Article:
2) At a customer the sysadmin had to shutdown a big honking Sun server for routine maintenance. After many hours of waiting he finally phoned to say we could start the applications whilst giggling away to himself. The story helped get over the massive wait late at night: He had tried to boot the server and found that the boot disk was corrupted, tried to repair it and massively failed. After hours of trying to get hold of a replacement he looked in a desk drawer and found a Sun disk with a massive boot print on the case and the words boot written on it. Plugged it in and it booted the server perfectly. So the big production server ran with a boot disk that had a boot print on. Makes it easy to identify.

3) Standard story of the kid left to play with a production server (the one with the boot boot disk), everyone had to leave early (to go to the pub...) and left me to finish up an installation, I decided to clean up the tmp folder so ran "rm -rf *". Shame it was the wrong folder.

Four hours later I finished rebuilding the server, fortunately it was an active-active system so I could just copy everything from the mirror and change all the config for server name / IP etc. I got free beers and a large amount of respect for not bottling it and single handedly bringing it back (I was about 1 year into the job and had no idea what I was doing). Unfortunately I had messed up one file which was only found a month later after someone who didn't know the story had been ripping his hair out trying to find the problem, so I only got a little shouting at.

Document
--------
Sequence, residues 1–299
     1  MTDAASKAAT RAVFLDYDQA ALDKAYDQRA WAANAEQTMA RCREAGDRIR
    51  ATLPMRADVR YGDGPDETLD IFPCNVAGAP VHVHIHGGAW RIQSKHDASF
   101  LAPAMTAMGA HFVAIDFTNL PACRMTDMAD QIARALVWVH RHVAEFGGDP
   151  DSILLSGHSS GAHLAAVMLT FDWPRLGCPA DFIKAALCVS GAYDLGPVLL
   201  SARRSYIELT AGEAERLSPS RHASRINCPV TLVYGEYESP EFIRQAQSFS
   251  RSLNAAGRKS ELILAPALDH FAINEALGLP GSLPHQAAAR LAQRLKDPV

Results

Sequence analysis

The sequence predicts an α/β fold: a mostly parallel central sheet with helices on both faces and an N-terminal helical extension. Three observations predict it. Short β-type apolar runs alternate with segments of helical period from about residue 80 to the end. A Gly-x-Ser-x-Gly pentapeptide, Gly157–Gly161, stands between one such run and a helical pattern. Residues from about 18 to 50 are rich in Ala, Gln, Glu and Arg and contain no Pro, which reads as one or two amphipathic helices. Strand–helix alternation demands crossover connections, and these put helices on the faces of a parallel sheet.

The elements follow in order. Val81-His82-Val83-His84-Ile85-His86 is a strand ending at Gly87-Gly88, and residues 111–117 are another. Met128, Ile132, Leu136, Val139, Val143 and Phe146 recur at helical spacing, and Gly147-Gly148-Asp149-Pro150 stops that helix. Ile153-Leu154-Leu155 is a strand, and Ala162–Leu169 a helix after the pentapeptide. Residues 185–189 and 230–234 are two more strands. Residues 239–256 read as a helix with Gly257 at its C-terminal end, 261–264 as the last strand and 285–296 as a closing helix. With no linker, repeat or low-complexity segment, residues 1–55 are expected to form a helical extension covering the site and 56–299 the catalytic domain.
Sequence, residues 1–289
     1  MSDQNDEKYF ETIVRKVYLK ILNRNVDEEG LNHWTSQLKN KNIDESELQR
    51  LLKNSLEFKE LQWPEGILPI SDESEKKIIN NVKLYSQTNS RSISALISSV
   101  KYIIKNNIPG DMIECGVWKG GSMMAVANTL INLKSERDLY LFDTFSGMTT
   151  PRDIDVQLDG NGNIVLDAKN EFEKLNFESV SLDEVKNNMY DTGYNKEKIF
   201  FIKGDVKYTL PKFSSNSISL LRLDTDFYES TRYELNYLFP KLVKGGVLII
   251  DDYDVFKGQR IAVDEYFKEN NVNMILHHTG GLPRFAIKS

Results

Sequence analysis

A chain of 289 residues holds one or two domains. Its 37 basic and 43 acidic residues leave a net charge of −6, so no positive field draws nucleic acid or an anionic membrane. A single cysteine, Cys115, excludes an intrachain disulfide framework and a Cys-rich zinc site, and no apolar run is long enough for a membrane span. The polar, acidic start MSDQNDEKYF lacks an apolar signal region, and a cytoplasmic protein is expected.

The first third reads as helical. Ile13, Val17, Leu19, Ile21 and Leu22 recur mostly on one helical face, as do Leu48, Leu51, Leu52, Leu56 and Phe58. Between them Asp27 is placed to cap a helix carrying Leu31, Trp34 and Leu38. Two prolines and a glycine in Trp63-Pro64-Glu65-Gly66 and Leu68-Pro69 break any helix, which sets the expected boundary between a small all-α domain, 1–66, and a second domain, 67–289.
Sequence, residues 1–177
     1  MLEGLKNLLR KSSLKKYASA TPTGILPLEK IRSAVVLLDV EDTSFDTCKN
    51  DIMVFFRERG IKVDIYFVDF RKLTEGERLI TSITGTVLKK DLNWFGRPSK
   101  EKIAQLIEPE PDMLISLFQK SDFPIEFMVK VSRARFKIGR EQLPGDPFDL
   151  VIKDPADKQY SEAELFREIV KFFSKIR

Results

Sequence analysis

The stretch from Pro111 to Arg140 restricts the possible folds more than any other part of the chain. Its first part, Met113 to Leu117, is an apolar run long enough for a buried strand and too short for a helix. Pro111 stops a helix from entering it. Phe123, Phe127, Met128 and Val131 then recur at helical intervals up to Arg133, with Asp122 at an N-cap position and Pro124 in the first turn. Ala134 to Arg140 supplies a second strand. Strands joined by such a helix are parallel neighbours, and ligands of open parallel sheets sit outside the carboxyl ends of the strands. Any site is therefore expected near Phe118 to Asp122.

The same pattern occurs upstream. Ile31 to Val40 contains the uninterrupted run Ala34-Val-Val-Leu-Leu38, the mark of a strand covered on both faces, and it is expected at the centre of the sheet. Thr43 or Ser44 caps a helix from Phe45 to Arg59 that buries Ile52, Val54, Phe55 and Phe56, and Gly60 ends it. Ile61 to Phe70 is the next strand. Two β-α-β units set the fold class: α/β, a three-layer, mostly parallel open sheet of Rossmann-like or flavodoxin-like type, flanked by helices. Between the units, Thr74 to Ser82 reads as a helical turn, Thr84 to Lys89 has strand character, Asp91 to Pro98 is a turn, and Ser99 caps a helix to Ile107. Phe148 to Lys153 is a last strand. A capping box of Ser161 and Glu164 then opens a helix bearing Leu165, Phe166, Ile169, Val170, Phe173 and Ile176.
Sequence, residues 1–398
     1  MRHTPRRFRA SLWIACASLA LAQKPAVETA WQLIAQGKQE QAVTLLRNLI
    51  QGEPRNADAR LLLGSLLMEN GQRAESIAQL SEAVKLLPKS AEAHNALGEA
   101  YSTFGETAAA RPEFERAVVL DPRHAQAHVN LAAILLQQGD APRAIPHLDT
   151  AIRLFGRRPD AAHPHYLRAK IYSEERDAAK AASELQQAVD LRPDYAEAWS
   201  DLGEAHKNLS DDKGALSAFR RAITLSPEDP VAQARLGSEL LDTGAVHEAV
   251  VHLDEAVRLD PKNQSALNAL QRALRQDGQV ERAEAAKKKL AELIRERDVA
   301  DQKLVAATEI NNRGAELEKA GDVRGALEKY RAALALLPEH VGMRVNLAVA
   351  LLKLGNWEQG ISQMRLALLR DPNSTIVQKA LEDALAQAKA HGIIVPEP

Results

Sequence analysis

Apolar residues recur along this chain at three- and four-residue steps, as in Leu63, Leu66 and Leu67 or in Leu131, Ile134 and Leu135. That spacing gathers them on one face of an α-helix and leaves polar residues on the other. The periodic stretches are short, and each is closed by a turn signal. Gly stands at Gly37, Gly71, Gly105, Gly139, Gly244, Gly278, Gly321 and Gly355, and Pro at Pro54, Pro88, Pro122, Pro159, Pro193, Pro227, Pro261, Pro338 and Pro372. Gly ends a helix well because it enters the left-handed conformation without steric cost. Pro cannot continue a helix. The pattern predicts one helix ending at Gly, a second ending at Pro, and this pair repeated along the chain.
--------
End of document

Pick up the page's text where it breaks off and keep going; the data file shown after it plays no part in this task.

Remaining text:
Final boot note, one sysadmin I worked with sent an email to the entire company informing them that the email server was broken and he was working on it... He didn't last long.


Re: I call bollocks

Wouldn't be too sure, I remember a Watchdog piece about a modern European car (I believe a Renault but not sure) where they had converted it to right hand drive by leaving the break linkage on the left hand side and bolting a bar behind the carpets to the right.

The passenger could happily apply the brakes (the real brake pedal moved) by pushing hard on the carpet. I remember this only being a problem with the brake pedal, so helpful when the other half thinks braking is a silly idea when a tree will suffice.

OpenBSD 5.0 reveals MAD-themed release


Another beer from me

Superb system, makes my life so much easier.

I've never seen a firewall that beats pf, don't doubt there is one, but it's probably not free.

Keep up the good work!

Wilhelm Lindt, would you care to enlighten us?

It's not 100% secure, nothing is, but two exploitable issues in ~16 years does speak for itself...

I would love to know which secure operating system counts you in.

Who the hell cares about five nines anymore?


"how does software cope with 'entire data centre failures'?"

Surprisingly easily...

What you do need is the entire infrastructure around it and to put a lot of thought into it, but effectively this is the approach behind the internet.